FSA and Dependent Day Care Account Change

Mid-Year Changes

Typically, outside of Annual Benefits Enrollment, the IRS requires a qualifying life event (e.g. marriage, birth of a child, etc.) to make a change to Flexible Spending Accounts (FSA) and Dependent Day Care Accounts.

Due to the COVID-19 pandemic, the Group Insurance Board has approved the flexibility granted by the IRS to allow a mid-year change to either of these accounts without a qualifying life event.

From July 1, 2020 until August 31, 2020, if you are currently enrolled in a FSA and/or Dependent Day Care Account, you have a one-time opportunity to increase or decrease your annual contribution.

    • IncreasesAllowed up to the maximum of $2,700 for health care FSA and $5,000 for dependent day care. The increased amount may be used for any eligible expense(s) incurred in 2020, even those that occurred prior to your new election.
    • DecreasesYou may only decrease your annual contribution amount to no less than what you have already contributed or spent year-to-date, whichever is greater.

Any change made is effective the first of the month following receipt of your change request form.

Increased Healthcare FSA Carryover

Additionally, the Group Insurance Board approved a $50 increase to the amount you may carryover for healthcare FSA effective January 1, 2021. You may carryover up to $550 from the 2020 plan year to the 2021 plan year. No action is necessary on your part to take advantage of the increased healthcare FSA carryover amount.

How to Make a Mid-Year Change

To make a change to your FSA and/or Dependent Day Care Account, complete an Election Change Request Form. On the form, in step 3, check “COVID-19” as the reason for your change. Then, submit the form by September 1, 2020 to UW-Shared Services, Service Operations:

Emailserviceoperations@uwss.wisconsin.edu
Fax: (608) 890-2327
Mail: 660 W. Washington Ave, Ste 201, Madison, WI 53703

Additional Information

There were items discussed during the June 29, 2020 Group Insurance Board meeting that allowed additional flexibility for benefit plans offered through the Department of Employee Trust Funds (ETF). Some of these items are:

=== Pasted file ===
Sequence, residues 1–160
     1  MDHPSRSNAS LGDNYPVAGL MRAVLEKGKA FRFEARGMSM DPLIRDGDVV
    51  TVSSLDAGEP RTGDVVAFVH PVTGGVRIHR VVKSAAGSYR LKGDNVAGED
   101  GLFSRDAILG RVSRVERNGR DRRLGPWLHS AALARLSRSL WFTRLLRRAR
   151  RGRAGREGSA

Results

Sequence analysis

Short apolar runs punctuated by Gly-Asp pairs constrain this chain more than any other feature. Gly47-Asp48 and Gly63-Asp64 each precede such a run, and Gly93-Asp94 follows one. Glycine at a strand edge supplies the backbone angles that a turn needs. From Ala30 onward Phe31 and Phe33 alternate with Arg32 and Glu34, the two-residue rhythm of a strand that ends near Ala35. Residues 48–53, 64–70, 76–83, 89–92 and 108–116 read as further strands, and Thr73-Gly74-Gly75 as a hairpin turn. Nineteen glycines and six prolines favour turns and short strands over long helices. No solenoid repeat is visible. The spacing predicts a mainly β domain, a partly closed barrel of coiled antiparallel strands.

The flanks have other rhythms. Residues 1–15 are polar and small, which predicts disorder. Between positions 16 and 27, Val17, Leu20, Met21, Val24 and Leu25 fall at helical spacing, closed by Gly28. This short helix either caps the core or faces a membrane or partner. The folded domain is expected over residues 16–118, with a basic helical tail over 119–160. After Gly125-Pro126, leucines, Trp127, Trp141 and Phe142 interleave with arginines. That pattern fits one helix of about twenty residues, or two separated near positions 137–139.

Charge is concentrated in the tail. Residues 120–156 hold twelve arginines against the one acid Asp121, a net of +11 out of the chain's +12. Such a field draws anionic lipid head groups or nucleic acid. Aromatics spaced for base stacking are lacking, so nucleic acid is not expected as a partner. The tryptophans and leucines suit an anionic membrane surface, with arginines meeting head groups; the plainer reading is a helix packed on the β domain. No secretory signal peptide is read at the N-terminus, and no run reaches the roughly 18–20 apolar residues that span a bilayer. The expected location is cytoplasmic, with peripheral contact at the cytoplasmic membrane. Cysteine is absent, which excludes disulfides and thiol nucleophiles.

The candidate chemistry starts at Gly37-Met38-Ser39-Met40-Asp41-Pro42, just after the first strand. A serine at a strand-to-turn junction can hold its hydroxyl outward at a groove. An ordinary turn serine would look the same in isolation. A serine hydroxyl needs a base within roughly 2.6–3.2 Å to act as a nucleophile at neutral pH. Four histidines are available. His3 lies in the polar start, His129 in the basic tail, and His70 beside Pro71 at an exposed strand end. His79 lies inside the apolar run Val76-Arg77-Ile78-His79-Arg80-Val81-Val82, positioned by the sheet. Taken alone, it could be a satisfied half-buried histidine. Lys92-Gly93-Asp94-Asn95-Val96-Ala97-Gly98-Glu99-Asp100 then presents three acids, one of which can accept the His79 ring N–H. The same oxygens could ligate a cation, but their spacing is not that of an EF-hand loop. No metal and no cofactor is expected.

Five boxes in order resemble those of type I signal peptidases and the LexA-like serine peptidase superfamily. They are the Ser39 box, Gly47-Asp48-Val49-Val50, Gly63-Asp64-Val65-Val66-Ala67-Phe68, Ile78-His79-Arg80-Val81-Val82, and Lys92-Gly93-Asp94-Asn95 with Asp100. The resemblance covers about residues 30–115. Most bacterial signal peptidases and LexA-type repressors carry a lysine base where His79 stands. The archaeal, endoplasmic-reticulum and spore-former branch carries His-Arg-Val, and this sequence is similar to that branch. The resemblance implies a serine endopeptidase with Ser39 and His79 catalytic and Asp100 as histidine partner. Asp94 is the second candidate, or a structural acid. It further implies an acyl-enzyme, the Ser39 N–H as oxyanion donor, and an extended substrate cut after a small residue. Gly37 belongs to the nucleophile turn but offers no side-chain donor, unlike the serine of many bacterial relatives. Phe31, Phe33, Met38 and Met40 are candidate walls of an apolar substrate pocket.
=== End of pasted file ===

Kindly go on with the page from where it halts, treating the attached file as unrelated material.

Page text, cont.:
• health plan enrollment changes,
    • an extended timeframe to submit 2019 FSA claims and
    • extended timeframes for COBRA continuation administration.

ETF did not recommend proceeding with these additional items due to low interest and the administrative challenges and complexities with the vendor change from TASC to ConnectYourCare.

Source: UW System Human Resources

Phoenix Rise Virtual Run/Walk held June 26-28

Congratulations to those who participated in the Phoenix Rise Virtual Run/Walk last weekend!  It was a hot one.  There were 36 people who walked or ran, including 7 UWGB alumni, 14 students, and 15 employees!

 

 

 

 

 

 

 

 

 

 

 

Thank you to those who shared pictures from the event!  The little phoenix flyer pictured is Kaitlyn O’Claire’s two-year old daughter who walked with her mom during the virtual Phoenix Rise Run/Walk!  Great job everyone!

Are you ready for some BINGO?

Here is your wellness challenge for July!  Complete at least 20 of the 24 activities on the bingo card from July 1st to July 31st to qualify for a chance to win a prize!

  1. Click here and print out your bingo card
  2. Mark off each square and write the date you complete that item during the month of July
  3. Scan or take a photo of your bingo card and email it to wellness@uwgb.edu by August 10th

Stay healthy this summer! 

What will it be like when I return to work on campus?

Yes, it will be different when you return to working on campus.  This will be a transition that we will work through together, and things will change as we go.  Some of us have been working on campus, and some of us haven’t been on campus since March.  Some of us are excited to get back to campus and some of us are hesitant, so the transition will be different for each person.  Here are some things you may be wondering about.

Will everyone be wearing face masks?

Yes – employees, students, and visitors will be wearing face masks.  The Employee Workplace Expectations states that face masks or face coverings must be worn by all employees working on campus when in the presence of others and in any setting in which it is difficult or impossible to maintain a six-foot physical distance from others.  If you are working alone at your work station, you probably wouldn’t need a face covering, but if you go to a common area (ex. copier), bring something to another office, or leave the building at the end of your work day, for example, you would put your face mask on.

Will everyone be back to campus on July 1st?

No – a lot of employees will continue working remotely, so there will be a lot less people on campus than before.  Some offices/areas may not be open or will be open limited hours.  Some offices will have limited staff and may require appointments to be made ahead of time, instead of allowing drop-ins.  You will see less people in the hallways, as remote communication (ex. Microsoft Teams, emails, etc.) will be encouraged as opposed to face-to-face interaction.

How will my work area look different?

If there is a waiting area, there may be less chairs available to allow for social distancing.  There may be plexiglass at the front desk.  The conference room may have less chairs, and markings showing where a limited number of people could sit for necessary in-person meetings.  There will be cleaning supplies and hand sanitizer available.  There may be less chairs in the lunch room.

What else will look different on campus?